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                       Do you know someone that would make for a great Alexa Voice? As much as we enjoy a good Joke from Alexa or a quick update on the weather, her voice playback doesn’t always align in providing the unique brand experience you might want to create. Fortunately, the platform with the right voice talent capabilities allows you to substitute Alexa’s voice for something a bit more...

Customizing Alexa’s Voice

Recently, we’ve worked with our great partner at Cecilia.fm to build out a new skill for a client that is uniquely voice-branded. As part of the project, we thought we share a couple of tips for changing Alexa’s voice.

  1. Write out your complete script and build it with Alexa’s voice first

While writing out your script first seems obvious, building it using Alexa’s native voice first is a must. It will save you time in the long run and help you to plan out each transition in the conversation, so you can build out a very complete Voice asset list.

  1. Don’t forget the unexpected while you have your Voice Talent

Outside of your expected dialogues in your conversation map, don’t forget that errors can occur during a conversation if you don’t have the correct Audio files. Consequently, this will make for an awkward experience transitioning from your voice actor to Alexa voice and back. While cutting audio in the studio, make sure you account for the “Oops”, “That wasn’t supposed to happen”, and all those unexpected awkward moments.

  1. Keep your response pieces under 90 seconds

The only way you will be able to change out of Alexa’s voice is to use the SSML <audio> tag. The amount of SSML Audio playback for a given response is a hard limitation of 90 seconds. Likewise, even though you can use multiple <Audio> tags in a single response (up to 5), the sum of all that audio cannot be greater than 90 seconds.

  1. Using Audio over 90 seconds

If your skill requires Audio that is longer than 90 seconds, you need to use the Audio Player inside your code and your user will be exited out of the skill once the audio finishes. Unfortunately, this is a limitation to the Audio Player for now. If you need to use the Audio Player, it may be helpful to let the user know that they are leaving the skill at the end of the Audio file that plays. Also it is a good practice to kindly remind them on how to get back into the skill to encourage repeat visits.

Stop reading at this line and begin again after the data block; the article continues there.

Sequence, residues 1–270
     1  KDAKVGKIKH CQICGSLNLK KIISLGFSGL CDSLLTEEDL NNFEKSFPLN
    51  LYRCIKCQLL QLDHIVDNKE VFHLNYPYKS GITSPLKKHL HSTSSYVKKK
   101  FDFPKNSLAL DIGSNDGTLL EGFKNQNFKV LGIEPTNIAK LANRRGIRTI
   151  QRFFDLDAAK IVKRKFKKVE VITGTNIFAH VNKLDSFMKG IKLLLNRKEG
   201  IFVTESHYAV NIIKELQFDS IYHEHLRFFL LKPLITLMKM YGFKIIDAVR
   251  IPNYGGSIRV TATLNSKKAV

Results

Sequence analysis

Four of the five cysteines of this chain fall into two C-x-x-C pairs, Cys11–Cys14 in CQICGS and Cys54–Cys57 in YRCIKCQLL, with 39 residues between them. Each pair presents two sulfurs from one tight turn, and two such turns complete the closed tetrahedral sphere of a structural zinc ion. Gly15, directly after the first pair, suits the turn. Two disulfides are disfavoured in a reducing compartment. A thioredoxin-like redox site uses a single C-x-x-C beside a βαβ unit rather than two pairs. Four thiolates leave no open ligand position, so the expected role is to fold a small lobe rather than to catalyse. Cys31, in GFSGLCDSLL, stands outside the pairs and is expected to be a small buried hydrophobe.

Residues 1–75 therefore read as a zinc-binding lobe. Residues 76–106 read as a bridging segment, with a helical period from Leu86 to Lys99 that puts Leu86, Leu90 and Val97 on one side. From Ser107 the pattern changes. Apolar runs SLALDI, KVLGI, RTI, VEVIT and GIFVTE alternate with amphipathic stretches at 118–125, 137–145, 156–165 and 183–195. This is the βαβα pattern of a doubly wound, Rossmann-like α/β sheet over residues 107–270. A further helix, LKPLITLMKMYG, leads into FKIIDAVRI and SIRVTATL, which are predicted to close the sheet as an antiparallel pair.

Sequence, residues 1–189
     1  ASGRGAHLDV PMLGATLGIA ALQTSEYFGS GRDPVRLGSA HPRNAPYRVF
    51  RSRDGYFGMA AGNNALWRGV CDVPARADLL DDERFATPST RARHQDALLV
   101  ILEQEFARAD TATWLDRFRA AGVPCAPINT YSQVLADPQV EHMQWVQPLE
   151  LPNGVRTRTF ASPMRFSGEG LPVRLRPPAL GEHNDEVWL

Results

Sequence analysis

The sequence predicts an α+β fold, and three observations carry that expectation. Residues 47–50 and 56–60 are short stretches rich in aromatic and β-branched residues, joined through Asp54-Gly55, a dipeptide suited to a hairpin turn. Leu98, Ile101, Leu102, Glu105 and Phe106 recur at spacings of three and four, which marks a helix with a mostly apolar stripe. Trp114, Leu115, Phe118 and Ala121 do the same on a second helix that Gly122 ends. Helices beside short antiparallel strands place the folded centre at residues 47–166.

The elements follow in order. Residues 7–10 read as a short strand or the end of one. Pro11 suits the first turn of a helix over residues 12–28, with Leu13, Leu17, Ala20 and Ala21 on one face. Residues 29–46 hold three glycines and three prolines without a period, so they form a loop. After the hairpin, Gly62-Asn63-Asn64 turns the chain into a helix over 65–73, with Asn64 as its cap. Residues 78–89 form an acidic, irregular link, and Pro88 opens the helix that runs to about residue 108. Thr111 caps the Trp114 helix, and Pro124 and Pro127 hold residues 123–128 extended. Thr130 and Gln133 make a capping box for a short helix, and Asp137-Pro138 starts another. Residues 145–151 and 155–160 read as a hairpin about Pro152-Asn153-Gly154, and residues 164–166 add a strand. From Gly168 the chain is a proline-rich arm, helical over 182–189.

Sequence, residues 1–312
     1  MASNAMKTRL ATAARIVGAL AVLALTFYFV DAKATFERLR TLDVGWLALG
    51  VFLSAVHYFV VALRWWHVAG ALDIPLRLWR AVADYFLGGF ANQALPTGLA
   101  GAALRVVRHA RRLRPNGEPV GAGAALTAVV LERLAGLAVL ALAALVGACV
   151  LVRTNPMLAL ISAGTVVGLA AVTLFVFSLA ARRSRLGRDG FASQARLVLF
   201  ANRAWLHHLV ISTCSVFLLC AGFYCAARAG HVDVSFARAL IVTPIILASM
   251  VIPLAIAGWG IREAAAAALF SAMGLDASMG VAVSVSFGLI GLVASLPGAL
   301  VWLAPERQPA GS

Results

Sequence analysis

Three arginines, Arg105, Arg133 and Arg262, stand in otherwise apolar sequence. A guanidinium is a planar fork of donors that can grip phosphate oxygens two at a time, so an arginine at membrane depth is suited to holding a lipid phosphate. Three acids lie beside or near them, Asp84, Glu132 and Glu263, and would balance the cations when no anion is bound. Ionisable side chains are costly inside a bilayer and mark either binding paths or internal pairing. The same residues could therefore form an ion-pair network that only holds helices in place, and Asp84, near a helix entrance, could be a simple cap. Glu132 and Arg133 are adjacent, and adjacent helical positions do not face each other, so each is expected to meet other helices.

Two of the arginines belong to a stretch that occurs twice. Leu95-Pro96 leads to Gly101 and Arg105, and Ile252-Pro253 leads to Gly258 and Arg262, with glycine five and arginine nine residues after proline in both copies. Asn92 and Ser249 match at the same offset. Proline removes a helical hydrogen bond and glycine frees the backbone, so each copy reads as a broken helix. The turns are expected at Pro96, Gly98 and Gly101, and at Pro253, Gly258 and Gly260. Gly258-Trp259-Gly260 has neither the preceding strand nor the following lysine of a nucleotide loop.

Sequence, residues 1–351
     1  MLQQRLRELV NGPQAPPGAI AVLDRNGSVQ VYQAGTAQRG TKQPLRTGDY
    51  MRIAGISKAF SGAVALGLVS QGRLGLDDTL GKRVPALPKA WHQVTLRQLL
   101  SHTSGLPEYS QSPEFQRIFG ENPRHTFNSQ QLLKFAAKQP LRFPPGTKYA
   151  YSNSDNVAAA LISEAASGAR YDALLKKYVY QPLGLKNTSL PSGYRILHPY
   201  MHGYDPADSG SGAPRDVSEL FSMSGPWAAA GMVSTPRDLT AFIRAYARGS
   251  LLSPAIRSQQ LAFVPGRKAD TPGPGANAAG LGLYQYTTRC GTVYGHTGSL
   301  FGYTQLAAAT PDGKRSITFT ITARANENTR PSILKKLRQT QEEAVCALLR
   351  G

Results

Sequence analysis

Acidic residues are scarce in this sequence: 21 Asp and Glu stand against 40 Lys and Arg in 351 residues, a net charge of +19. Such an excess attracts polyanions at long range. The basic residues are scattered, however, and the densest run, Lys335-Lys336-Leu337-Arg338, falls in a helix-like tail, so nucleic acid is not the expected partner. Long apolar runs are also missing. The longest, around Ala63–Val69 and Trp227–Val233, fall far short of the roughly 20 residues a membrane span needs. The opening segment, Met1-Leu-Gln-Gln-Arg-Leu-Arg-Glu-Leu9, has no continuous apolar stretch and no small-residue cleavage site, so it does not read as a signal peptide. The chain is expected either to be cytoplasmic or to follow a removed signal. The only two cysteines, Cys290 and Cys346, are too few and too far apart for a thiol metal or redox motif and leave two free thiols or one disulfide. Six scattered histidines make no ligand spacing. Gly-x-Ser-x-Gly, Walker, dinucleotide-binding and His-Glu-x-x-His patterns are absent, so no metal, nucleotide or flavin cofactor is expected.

1. Using SSML in Slot Filling

If your skill needs to use Slots to capture key data from your users, you can use SSML <Audio> in Alexa Speech Prompts for Slot Filling and Slot Confirmation. However, there can be issues with the SSML formatting if you are entering it using the Alexa Skill Kit interface. We recommend you use the JSON Editor to make the changes in the JSON code directly to ensure the SSML tag is formatted properly. This approach also allows you to make sure you are escaping characters properly to prevent any extra spaces in between you Slot variables and the SSML tag.

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Snippet of Code

For example, here’s a snippet of a JSON file where we used SSML to playback a custom Audio file based on a prior input from the user. In the skill, we ask the user for the length of time they would like and store it in the variable {time}. We then use that {time} variable as part of an URL construct to call a custom audio file.  

Creating a Unique Voice Experience

Leveraging a custom voice can create a very unique and engaging experience for your end-users.  The effort to do so requires a bit more planning and some massaging of the code, but it is worth it at the end. The developer forum at Amazon is a great resource to leverage and we’d be happy to help you if needed. Feel free to drop us a line.

Cheers -

Jay